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Biden and Trump set for election rematch after clinching nominations

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BBC


US President Joe Biden and his predecessor Donald Trump have both passed the delegate thresholds to clinch their parties’ nominations.

They each won several states in primary elections on Tuesday to propel them over the finish line.

The two 2020 contenders will provide the US with its first rematch in a presidential election for 70 years.

Polling suggests it will be a tight race that will come down to narrow margins in a few key states.

The nominations will be made official at party conventions this summer.

The 81-year-old president said on Tuesday evening that he was “honoured” voters had backed his re-election bid “in a moment when the threat Trump poses is greater than ever”.

Citing positive economic trends, he asserted the US was “in the middle of a comeback”, but faced challenges to its future as a democracy, as well as from those seeking to pass abortion restrictions and cut social programmes.

“I believe that the American people will choose to keep us moving into the future,” Mr Biden said in a statement from his campaign.

Incumbency gave Mr Biden a natural advantage and he faced no serious challengers for the Democratic nomination.

Despite persistent concerns from voters that his age limits his ability to perform the duties of the presidency, the party apparatus rallied around him.

Meanwhile, Mr Trump, 77, remains very popular with the Republican voter base, which has propelled him to victory in primary after primary over well-funded rivals.

His campaign for a second term in the White House has zeroed in on stricter immigration laws, including a pledge to “seal the border” and implement “record-setting” deportations.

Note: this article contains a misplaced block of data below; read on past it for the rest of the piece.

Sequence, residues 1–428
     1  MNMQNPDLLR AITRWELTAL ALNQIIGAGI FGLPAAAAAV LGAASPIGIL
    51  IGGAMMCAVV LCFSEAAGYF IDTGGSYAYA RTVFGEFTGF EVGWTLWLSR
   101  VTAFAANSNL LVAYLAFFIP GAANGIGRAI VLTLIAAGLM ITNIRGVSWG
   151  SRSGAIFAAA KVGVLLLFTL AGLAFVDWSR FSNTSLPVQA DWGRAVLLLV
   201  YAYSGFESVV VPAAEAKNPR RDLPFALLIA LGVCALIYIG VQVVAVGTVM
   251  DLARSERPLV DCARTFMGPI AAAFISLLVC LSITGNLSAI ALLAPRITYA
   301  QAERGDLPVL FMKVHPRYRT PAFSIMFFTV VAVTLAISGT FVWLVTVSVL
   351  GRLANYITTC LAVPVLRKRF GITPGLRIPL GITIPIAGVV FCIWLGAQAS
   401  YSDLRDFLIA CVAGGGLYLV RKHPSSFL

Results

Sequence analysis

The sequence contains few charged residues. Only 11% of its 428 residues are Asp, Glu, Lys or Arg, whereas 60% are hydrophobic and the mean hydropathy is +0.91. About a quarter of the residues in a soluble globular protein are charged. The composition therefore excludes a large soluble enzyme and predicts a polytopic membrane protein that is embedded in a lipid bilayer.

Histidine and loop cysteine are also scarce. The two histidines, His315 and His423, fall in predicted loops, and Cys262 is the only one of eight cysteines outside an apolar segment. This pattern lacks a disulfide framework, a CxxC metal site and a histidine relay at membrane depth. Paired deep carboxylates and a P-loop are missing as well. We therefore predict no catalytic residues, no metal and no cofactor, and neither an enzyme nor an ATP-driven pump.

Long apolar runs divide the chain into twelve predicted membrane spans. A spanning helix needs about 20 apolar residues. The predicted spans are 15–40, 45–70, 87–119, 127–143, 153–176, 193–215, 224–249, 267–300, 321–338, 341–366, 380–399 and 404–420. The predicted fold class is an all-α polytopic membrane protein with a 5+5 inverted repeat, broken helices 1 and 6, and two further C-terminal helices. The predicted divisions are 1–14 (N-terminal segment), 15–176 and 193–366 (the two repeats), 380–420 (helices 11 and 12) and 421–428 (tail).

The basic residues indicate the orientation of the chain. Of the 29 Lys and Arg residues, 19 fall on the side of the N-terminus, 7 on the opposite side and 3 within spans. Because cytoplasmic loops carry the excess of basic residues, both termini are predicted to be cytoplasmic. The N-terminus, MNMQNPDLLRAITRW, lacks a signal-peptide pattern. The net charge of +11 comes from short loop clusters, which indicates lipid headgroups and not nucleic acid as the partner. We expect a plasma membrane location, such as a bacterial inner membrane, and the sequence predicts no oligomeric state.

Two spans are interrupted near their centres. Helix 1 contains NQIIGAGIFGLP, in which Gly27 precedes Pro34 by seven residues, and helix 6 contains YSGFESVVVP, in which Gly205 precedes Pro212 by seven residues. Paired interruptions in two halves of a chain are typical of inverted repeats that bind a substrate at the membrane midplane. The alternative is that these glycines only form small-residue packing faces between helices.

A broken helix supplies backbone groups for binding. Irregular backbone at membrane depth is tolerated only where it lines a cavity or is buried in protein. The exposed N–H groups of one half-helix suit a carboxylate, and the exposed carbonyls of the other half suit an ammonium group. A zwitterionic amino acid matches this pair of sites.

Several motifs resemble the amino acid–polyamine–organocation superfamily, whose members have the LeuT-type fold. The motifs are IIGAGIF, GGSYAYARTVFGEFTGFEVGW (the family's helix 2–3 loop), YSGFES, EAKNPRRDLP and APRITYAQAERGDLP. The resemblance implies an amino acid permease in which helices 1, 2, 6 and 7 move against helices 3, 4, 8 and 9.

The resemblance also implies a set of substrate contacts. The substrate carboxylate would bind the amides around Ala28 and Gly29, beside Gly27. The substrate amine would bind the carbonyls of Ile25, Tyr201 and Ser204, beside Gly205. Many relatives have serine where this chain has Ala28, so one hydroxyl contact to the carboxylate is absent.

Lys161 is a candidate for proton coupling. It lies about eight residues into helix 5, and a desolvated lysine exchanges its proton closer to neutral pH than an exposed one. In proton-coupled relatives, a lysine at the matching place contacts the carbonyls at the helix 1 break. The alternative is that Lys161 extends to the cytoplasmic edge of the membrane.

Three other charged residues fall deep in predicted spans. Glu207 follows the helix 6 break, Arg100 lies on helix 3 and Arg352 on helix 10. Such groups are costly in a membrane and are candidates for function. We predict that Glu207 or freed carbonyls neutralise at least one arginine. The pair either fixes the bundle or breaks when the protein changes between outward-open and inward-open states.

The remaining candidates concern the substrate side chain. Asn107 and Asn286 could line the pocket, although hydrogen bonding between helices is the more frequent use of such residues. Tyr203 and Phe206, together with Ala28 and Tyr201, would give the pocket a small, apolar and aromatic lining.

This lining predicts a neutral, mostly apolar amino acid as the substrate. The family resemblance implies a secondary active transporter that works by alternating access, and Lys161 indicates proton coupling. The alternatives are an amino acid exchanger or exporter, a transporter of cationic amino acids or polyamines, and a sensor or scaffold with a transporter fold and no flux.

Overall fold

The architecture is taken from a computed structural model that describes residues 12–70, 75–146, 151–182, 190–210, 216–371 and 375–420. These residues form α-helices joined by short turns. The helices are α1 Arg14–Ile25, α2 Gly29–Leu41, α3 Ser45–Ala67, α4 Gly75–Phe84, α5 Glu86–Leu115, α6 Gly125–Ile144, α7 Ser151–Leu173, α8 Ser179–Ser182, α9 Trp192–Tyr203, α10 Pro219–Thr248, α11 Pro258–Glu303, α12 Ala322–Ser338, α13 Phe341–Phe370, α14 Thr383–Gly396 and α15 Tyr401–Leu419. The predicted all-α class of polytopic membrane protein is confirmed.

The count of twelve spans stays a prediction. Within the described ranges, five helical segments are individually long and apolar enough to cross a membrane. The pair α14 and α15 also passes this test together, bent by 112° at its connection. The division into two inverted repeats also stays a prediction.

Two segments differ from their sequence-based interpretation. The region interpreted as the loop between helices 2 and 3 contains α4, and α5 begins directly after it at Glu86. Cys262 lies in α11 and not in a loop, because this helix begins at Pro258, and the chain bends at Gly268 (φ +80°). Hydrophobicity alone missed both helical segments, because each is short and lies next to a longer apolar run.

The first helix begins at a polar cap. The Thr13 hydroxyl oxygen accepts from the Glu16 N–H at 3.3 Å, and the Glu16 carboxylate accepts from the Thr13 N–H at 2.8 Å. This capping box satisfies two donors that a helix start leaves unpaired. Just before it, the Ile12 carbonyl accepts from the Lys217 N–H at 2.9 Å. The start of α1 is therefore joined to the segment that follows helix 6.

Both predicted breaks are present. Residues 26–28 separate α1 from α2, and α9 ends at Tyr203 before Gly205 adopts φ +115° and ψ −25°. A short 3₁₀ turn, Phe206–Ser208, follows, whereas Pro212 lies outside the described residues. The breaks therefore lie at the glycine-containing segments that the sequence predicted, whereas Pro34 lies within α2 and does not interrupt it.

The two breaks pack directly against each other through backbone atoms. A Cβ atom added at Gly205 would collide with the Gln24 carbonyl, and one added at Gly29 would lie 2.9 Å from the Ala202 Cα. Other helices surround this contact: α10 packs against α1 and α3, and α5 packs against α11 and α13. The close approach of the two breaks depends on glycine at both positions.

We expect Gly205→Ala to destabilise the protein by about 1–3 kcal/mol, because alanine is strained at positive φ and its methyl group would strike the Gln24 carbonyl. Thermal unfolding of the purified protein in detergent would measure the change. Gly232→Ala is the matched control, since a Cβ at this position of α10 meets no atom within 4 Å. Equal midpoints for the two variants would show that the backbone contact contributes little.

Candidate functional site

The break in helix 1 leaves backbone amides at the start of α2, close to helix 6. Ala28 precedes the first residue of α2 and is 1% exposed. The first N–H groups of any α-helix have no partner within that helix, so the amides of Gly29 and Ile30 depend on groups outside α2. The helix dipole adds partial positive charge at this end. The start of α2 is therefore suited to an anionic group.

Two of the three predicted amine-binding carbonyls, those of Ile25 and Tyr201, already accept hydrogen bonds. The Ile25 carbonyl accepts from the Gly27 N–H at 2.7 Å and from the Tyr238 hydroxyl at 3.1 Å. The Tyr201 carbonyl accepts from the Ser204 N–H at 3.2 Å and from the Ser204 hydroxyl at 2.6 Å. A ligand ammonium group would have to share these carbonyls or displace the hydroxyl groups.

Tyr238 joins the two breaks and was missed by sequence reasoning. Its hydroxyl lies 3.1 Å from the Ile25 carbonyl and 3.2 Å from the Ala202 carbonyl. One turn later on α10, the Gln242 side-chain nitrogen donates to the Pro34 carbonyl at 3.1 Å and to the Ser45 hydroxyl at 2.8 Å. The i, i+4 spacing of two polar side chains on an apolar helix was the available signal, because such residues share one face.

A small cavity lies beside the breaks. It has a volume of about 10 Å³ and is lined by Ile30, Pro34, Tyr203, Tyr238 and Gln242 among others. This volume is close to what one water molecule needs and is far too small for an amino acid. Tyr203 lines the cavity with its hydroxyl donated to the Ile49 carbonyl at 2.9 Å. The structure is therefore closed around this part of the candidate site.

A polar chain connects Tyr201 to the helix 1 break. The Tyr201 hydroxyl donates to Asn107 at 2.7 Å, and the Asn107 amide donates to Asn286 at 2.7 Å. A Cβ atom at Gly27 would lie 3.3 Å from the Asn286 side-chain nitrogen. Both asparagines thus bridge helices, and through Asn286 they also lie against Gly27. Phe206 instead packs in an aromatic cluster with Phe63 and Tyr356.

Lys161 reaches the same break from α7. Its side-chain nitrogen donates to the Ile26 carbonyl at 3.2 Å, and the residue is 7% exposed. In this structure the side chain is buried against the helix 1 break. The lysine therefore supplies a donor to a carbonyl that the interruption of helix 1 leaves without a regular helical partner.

Graphic showing delegates won in Republican race

Mr Trump has also vowed to fight crime, boost domestic energy production, tax foreign imports, end the war in Ukraine and resume an “America first” approach to global affairs.

Tuesday night’s results do not come as a shock, as both men have dominated their races so far.

Both their re-nominations seemed all but predetermined, despite polling that indicates Americans are dissatisfied with the prospect of another showdown between Mr Biden and Mr Trump in November.

The US presidential primaries and caucuses are a state-by-state competition to secure the most party delegates.

The Democrats and the Republicans have slightly different rules for their primaries, but the process is essentially the same.

Each state is allocated a certain share of party delegates, which are awarded either as a whole to the winning candidate or proportionally, based on the results.

A Republican candidate must secure at least 1,215 of their party’s delegates during the primary season to win their presidential nomination, while a Democrat must secure 1,968.

On Tuesday, Republicans held primaries in Mississippi, Georgia and Washington State, as well as a caucus in Hawaii.

Democrats, meanwhile, held primaries in the states of Georgia, Washington and Mississippi, as well as in the Northern Mariana Islands and for Democrats living abroad.

Graphic showing delegates won in Democratic race

Mr Biden and Mr Trump’s main competitors had dropped out before Tuesday’s primary contests, so the results had been all but certain.

Former UN Ambassador Nikki Haley, Mr Trump’s last remaining rival, dropped out earlier this month after losing 14 states to Mr Trump on Super Tuesday.

Although several more states have yet to hold their primary contests, with Mr Trump and Mr Biden over the delegate threshold, the 2024 general election is now in effect under way.

The US presidential election will be held on 5 November 2024.